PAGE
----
Demonstrates that sense of smell plays a significant role in the history of European literature
The Smell of Books investigates the ways in which the olfactory sense has manifested itself in Italian, German, French, Russian, and English literature of the past 150 years. Against a broad interdiscriplinary backdrop that includes linguistics, psychology, aesthetics, and sociology, Hans J. Rindisbacher takes a new approach to literary history – one centered on the sense of smell.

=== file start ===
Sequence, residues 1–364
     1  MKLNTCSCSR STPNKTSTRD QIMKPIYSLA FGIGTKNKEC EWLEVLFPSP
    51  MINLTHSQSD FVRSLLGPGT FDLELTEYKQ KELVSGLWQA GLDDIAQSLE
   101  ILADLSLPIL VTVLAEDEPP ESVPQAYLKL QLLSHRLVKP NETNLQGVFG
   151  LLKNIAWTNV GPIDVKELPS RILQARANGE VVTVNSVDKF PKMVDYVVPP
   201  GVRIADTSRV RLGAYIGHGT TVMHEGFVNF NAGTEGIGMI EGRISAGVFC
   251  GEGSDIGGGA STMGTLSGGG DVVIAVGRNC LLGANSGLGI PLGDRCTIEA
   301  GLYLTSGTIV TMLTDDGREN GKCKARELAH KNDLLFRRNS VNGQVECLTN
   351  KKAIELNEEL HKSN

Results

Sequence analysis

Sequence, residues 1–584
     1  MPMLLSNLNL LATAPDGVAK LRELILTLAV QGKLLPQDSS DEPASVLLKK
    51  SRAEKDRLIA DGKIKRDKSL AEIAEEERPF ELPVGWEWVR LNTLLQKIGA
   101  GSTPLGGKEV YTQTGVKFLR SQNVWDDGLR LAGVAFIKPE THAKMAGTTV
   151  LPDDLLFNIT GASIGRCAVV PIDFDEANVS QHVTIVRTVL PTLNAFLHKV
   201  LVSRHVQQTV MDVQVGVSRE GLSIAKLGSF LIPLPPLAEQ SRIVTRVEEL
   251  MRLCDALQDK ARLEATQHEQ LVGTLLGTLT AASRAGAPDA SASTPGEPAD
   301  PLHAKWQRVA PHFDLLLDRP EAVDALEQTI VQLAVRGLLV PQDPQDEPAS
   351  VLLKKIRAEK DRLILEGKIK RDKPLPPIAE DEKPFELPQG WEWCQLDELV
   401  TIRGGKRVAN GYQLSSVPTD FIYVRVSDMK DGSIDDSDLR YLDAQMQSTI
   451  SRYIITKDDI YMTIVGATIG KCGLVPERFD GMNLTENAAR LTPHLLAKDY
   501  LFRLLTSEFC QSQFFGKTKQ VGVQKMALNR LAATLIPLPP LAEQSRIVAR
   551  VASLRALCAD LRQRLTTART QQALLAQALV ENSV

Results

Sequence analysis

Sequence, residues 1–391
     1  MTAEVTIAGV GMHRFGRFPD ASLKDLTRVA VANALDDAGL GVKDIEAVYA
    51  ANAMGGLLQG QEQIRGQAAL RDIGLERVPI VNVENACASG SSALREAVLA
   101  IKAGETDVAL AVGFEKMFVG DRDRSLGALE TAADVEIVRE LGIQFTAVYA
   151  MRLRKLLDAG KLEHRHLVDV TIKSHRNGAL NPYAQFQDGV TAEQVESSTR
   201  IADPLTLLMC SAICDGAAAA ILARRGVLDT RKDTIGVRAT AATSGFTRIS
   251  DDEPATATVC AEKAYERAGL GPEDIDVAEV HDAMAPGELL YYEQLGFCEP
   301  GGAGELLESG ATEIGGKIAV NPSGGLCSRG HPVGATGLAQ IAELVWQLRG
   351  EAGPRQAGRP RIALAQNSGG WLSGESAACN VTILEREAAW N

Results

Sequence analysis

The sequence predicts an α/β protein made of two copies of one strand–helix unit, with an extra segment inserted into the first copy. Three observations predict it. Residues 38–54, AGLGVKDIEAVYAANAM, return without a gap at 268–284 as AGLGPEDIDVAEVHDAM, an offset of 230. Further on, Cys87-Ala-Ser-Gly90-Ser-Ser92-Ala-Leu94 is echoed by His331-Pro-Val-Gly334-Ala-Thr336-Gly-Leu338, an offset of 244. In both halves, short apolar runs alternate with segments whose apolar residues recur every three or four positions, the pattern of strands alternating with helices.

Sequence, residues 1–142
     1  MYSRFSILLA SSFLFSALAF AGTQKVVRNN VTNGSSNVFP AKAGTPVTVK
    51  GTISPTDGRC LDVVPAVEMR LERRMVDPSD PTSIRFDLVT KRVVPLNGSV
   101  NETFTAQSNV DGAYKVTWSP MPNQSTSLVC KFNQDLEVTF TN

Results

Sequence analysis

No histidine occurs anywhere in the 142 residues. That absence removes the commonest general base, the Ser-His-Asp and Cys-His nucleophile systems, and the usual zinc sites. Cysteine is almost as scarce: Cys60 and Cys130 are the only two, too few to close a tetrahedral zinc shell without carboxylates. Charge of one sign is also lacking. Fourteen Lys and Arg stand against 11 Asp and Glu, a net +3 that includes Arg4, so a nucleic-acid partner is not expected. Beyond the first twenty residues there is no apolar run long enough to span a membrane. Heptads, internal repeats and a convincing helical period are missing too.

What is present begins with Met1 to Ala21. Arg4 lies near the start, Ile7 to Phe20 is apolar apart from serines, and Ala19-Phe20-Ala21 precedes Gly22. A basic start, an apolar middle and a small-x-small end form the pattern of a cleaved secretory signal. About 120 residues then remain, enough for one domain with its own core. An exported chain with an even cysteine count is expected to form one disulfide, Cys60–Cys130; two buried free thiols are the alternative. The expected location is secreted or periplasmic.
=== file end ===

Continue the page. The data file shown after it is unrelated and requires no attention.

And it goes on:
Rindisbacher examines the works of the German Expressionists and of Baudelaire, Huxley, Rimbaud, Wilde, and Turgenev, as well as Holocaust memoirs and contemporary German books such as Patrick Suskind’s Das Parfum and Christa Wolf’s Storfall. He demonstrates that the sense of smell, which has heretofore occupied a position at the bottom of the sensory hierarchy, plays a consequential role in romantic, modern, and contemporary European and Russian literature.